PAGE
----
Healdsburg is pressing ahead in its attempt to salvage more than $27 million in redevelopment projects, despite being rejected by the state the first time around.
Healdsburg is pursuing a different approach than most cities, arguing that a judge previously upheld the validity of its projects and that they are "enforceable obligations."
So far, the state Department of Finance has rebuffed the city.
"We are frustrated with the state. Every time we turn something in, they turn it down," Mayor Gary Plass said Thursday. "They don't even take time to review it."
At stake are several dozen planned projects. They include street and infrastructure upgrades, $6 million to help pay for a recycled water irrigation system; $6 million to extend utilities south of the city; and $2.4 million to improve the Healdsburg Avenue five-way intersection.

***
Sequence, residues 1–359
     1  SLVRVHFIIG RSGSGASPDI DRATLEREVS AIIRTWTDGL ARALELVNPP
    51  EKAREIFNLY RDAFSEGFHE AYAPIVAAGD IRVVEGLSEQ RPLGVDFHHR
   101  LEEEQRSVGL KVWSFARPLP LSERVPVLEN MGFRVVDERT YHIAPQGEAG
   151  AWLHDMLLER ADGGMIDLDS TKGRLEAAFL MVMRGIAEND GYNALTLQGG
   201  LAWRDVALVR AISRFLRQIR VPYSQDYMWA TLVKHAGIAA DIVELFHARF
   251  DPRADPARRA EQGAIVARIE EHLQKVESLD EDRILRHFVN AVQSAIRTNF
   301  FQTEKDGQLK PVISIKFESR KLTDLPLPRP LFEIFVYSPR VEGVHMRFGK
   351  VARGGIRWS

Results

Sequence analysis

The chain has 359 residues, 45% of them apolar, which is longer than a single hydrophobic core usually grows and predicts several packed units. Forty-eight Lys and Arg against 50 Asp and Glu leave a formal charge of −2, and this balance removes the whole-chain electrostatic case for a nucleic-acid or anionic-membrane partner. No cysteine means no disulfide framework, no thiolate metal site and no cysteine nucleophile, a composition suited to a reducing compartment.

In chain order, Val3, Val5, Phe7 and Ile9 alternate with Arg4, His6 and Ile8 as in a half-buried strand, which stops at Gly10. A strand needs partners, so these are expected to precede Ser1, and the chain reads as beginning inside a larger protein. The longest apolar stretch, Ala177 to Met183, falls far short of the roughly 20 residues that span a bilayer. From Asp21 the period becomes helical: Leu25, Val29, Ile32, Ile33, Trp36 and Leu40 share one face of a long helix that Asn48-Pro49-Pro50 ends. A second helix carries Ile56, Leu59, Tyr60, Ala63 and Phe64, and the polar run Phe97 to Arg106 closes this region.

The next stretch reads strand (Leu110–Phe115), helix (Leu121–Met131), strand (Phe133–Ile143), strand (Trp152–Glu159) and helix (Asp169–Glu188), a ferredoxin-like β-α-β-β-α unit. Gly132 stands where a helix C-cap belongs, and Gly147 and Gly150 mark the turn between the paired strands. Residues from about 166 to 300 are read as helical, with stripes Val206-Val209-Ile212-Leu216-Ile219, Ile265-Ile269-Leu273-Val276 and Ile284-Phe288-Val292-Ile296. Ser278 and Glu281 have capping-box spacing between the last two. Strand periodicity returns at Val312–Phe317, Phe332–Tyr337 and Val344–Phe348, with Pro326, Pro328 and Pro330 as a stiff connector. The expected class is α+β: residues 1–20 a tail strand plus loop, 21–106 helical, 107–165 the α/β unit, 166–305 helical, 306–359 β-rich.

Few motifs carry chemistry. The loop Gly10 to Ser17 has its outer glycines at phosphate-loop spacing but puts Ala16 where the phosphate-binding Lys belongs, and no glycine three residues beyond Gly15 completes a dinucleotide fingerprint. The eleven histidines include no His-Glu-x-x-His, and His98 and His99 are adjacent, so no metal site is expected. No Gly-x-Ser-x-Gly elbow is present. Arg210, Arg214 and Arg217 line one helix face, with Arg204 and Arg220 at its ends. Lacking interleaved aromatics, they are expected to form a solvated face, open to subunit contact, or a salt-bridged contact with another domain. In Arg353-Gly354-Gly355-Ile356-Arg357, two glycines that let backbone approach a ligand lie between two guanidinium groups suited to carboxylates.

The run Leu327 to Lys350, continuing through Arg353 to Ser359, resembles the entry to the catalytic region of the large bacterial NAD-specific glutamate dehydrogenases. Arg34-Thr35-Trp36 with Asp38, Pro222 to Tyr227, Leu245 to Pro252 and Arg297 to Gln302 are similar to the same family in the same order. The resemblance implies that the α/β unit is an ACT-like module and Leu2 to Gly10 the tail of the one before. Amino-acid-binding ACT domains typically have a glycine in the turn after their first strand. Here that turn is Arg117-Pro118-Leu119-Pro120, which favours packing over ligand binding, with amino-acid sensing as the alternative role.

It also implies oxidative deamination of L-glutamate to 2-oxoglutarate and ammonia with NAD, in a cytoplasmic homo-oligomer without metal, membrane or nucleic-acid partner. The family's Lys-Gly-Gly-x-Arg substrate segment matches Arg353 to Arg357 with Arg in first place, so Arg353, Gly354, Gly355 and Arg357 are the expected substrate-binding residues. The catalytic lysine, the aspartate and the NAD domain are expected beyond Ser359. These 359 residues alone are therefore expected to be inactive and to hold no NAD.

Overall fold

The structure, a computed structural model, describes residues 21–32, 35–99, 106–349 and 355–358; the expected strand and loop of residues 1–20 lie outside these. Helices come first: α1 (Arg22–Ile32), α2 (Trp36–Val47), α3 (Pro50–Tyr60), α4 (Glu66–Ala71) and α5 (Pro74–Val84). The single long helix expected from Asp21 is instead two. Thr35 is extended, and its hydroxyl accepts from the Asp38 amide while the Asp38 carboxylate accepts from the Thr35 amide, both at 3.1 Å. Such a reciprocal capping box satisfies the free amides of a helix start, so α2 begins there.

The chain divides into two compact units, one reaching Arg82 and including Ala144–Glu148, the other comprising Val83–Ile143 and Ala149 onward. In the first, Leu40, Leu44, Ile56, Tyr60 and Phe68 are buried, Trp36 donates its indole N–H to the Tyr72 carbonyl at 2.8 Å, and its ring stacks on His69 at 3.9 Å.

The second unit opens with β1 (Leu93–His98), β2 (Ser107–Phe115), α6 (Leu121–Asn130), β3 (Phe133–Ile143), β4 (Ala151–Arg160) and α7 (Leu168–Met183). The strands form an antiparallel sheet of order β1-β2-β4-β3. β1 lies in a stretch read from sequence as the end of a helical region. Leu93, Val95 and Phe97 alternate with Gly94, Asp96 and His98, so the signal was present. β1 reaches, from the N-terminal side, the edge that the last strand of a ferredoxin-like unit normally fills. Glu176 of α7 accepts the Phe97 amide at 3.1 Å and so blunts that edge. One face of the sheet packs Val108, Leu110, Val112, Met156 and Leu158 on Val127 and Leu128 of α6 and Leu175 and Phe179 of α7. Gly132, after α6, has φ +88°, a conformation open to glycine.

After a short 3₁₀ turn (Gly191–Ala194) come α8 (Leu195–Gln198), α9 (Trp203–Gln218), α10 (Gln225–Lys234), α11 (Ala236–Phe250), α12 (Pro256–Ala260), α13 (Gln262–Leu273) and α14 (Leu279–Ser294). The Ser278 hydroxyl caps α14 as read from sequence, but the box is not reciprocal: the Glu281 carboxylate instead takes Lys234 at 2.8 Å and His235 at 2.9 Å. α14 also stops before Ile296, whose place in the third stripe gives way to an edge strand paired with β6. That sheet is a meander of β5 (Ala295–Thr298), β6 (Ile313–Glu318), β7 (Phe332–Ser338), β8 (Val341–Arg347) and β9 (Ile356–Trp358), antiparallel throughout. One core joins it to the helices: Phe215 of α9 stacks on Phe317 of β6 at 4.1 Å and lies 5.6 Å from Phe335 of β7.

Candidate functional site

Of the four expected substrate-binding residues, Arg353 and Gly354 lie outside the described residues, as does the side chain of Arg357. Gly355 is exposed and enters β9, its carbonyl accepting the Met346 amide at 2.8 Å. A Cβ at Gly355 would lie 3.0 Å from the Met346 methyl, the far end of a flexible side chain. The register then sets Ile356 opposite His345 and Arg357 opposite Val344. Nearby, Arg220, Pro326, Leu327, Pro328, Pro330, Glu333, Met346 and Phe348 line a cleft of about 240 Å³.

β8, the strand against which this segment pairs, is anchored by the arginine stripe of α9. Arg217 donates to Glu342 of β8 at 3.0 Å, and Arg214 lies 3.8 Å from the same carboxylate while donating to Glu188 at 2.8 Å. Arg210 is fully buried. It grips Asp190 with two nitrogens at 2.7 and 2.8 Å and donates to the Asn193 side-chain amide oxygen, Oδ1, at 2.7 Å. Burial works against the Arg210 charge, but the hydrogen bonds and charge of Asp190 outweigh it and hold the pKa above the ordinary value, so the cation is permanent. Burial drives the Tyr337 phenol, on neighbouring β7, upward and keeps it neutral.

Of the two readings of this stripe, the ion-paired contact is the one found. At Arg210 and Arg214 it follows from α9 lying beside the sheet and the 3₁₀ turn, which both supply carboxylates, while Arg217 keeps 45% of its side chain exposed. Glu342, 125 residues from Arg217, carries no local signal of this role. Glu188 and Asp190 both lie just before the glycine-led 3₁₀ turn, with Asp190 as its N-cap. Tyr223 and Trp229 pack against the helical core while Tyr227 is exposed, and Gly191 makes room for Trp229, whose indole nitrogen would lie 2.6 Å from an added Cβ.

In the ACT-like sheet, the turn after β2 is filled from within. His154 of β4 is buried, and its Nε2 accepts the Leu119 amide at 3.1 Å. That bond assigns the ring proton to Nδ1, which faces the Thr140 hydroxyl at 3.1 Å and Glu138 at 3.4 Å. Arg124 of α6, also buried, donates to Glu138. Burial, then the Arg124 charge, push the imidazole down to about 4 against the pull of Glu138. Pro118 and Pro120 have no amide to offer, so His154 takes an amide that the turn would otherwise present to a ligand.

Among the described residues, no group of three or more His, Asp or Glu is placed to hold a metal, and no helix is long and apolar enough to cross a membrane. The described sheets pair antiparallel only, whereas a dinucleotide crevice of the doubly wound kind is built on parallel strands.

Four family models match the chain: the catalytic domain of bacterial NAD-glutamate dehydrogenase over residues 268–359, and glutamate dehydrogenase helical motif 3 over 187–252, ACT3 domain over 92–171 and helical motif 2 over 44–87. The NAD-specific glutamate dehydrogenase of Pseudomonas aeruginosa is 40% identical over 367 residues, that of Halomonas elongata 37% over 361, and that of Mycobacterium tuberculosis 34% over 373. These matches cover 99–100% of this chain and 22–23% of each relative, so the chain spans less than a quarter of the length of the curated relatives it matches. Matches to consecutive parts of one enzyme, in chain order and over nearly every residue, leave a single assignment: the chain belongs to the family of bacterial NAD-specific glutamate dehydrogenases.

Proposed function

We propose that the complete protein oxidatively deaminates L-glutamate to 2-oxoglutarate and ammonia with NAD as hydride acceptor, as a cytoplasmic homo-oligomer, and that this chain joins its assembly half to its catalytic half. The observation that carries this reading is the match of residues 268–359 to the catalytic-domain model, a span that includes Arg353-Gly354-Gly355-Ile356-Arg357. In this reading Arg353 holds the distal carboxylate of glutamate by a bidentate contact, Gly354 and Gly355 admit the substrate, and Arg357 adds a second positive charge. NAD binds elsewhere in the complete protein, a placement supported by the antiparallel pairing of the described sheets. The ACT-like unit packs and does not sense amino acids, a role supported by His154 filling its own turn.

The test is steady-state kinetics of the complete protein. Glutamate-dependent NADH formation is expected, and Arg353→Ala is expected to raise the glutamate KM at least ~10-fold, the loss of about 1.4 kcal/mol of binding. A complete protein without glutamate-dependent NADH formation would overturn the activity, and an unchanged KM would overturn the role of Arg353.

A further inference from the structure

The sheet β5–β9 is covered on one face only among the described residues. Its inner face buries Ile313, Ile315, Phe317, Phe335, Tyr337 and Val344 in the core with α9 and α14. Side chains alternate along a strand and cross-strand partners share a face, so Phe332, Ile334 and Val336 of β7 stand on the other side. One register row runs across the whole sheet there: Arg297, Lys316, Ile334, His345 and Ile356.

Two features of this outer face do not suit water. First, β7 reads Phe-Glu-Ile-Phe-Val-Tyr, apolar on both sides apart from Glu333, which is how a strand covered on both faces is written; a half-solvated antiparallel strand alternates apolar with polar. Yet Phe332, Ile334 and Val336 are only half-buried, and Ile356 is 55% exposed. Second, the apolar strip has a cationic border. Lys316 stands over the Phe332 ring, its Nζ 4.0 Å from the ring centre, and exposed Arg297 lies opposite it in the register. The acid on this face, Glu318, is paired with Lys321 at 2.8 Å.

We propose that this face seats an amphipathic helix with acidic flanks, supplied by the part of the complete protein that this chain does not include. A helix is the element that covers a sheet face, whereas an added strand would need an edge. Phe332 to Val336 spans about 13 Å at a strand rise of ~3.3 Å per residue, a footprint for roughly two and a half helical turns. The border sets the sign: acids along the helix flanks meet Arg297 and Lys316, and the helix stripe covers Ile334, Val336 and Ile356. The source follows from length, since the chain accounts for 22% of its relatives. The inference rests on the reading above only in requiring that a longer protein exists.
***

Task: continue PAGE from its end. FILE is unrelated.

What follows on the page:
Another big ticket item is the city's $6 million purchase of the old Foss Creek School for use as community center.
Also in play are another $3 million in projects that the city recently completed. The state potentially could ask Healdsburg to reimburse the money, according to Finance Director Heather Ippoliti.
They include work that was done on the Railroad Depot; Badger electrical substation; Recreation Park improvements; the Healdsburg Avenue Bridge; and a neighborhood revitalization program.
For decades, redevelopment agencies relied on property tax revenues to help stimulate economic development and create affordable housing.
But they were dissolved this year by Gov. Jerry Brown and the Legislature in an effort to help the state budget.